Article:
Becks’ ambassador role gives Chinese football an image boost, but will do little to tackle the deep-rooted corruption
“Little Becks, we love you,” was a popular online refrain during David Beckham’s recent 4-day trip to China. Taking advantage of the international break, the 37-year-old midfielder temporarily left Paris – he plays for Paris Saint-Germain – to visit the Far East, where he has officially been appointed as ambassador for his sport in China.
Mr. Beckham was invited by the China Football Association and visited schools and local football teams in Wuhan, Qingdao and Beijing. While in the capital, he spoke at Peking University – the country’s most prestigious university – and offered an unusual show to China’s top students: pulling up his shirt, he showed a vertical tattoo written in hanzi, Chinese characters. Probably more embarrassing was slipping and falling on the ground in Wuhan, where he appeared at a local football pitch wearing a suit and tie.
The trip was organized in order to boost interest in football among young Chinese and help restore the image of the national league, which has recently suffered from a massive wave of scandals involving bribes, manipulated referees, and match-fixing. It was clear that the widespread corruption reached the very top of the administration when Nan Yong, the boss of the Chinese Football Association, confessed that players could buy spots on the national team.
Whether this will be a successful strategy is not clear. Despite being relatively old, David Beckham is one of the most popular players in the world and the attention the media paid to his international travel will arguably add to the visibility of the Chinese Super League (CSL). But it will hardly be enough to solve its deep-rooted problems. Zhang Chi, founder of Hubei Emo Football Fan Club, told the Global Times that, “fundamentally, what Chinese football needs is establishing good order, improving rules and regulations and creating an environment where more and more kids come to play and are able to develop”, adding that “it is more important than appointing an image ambassador”.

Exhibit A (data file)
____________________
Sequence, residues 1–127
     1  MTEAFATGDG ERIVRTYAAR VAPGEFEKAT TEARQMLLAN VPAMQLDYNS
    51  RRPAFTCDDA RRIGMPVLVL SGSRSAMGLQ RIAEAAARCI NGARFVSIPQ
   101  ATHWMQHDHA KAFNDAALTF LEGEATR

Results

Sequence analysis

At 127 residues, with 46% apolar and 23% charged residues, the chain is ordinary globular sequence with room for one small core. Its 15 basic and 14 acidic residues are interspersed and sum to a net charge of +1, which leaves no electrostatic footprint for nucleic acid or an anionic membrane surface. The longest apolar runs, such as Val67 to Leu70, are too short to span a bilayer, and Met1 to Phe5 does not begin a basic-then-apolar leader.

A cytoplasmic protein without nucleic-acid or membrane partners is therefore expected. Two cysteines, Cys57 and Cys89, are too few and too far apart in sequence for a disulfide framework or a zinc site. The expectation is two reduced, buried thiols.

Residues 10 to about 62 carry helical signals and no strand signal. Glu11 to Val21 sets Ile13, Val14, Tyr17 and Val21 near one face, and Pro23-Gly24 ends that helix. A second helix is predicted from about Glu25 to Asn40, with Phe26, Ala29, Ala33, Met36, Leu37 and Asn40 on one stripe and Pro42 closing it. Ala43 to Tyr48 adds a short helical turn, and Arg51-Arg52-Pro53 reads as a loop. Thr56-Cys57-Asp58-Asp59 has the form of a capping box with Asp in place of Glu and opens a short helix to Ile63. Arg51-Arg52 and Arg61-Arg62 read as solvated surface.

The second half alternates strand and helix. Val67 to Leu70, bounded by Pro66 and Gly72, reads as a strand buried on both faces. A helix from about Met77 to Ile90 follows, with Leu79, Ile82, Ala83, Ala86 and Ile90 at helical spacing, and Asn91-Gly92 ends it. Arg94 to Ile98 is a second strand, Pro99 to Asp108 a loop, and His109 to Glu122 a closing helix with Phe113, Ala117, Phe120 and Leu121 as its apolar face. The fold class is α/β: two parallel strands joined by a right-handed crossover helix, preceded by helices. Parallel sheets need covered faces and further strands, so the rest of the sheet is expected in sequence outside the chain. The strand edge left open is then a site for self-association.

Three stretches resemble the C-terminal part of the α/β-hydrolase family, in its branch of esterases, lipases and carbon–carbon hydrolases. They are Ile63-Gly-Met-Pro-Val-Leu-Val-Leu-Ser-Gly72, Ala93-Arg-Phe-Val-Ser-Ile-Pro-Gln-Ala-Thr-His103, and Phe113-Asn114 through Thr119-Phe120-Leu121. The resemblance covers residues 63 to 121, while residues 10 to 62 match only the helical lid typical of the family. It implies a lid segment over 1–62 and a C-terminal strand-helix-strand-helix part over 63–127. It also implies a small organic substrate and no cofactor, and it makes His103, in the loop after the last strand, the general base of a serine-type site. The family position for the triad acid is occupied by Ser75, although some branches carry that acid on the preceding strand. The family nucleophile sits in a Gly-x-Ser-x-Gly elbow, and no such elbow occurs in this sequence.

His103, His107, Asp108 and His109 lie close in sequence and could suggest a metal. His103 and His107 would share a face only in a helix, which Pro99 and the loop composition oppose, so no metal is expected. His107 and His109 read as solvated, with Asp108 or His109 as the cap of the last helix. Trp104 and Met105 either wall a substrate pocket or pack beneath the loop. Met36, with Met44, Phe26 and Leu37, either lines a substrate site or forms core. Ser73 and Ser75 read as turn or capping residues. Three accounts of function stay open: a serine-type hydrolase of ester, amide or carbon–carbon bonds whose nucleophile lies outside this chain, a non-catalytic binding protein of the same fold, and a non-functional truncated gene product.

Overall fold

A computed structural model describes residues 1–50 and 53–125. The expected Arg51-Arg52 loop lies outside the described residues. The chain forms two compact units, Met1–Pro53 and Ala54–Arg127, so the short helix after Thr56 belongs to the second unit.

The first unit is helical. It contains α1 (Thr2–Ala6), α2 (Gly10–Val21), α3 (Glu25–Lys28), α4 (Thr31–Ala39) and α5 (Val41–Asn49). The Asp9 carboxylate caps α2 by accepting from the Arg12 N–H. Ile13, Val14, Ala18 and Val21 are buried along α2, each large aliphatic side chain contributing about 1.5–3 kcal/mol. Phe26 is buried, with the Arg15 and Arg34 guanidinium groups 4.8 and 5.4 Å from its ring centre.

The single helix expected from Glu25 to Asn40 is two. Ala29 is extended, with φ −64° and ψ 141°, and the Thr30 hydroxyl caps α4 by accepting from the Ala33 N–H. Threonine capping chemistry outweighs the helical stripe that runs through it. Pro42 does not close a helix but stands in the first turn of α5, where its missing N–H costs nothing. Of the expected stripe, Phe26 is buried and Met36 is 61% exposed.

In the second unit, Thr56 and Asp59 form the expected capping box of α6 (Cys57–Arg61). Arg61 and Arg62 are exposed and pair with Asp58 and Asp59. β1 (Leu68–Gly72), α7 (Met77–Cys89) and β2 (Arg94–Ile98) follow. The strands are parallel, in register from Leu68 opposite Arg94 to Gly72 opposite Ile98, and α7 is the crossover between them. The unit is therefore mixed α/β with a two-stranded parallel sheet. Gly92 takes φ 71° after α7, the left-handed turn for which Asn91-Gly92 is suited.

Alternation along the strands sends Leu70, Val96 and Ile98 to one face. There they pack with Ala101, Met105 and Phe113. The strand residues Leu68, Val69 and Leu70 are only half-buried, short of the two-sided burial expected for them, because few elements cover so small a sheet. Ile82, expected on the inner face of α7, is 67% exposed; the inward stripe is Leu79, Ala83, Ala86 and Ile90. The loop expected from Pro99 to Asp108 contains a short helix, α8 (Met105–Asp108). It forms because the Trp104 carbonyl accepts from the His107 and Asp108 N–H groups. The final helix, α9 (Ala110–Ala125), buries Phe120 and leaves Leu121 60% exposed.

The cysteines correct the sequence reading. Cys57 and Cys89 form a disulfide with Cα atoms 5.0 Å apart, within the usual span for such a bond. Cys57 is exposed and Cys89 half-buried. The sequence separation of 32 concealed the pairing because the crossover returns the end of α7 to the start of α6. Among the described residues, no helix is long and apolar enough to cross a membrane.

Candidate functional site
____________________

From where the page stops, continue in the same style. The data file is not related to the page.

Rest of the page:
Despite his “ambassadorship”, Mr. Beckham refused to acknowledge any role in tackling the malaise in Chinese football, saying that he is not a politician and has nothing to do with what happened in the past. “I am not here to clear up anything. I am here to educate the children and give them a chance of becoming professional footballers,” he said while in the capital. He did not offer any information on his compensation either, but the Oriental Sports Daily reported in February that his three travels would grant him 2 million euros.
Opinions on Weibo, the Chinese Twitter, are divided between those who cheer the event and those who see it as a waste of money. The prevailing sentiment seems to be the same expressed by experts: good that he came, but it won’t make much of a difference. One user, for example, argued: “Beckham is indeed very handsome, I really appreciate his diligence in work! However, the fact that the Chinese football association has reached out to him is mere entertainment, they might as well invest that money in youth football. It would be better if they were to use the funds to do some actual business.” Another similarly pointed out that the trip “will only allow more children to enjoy the fun of football”, but it “will not change the corruption in Chinese football”.
Beckham’s China trip is also feeding rumors that he may soon leave Paris to play for Shanghai Shenhua in China. Such a decision would inevitably raise once again the issue of expensive image over more solid substance, especially after last year the Shanghai team enlisted and then suddenly lost both Didier Drogba and Nicolas Anelka, two big names from the English Premier League.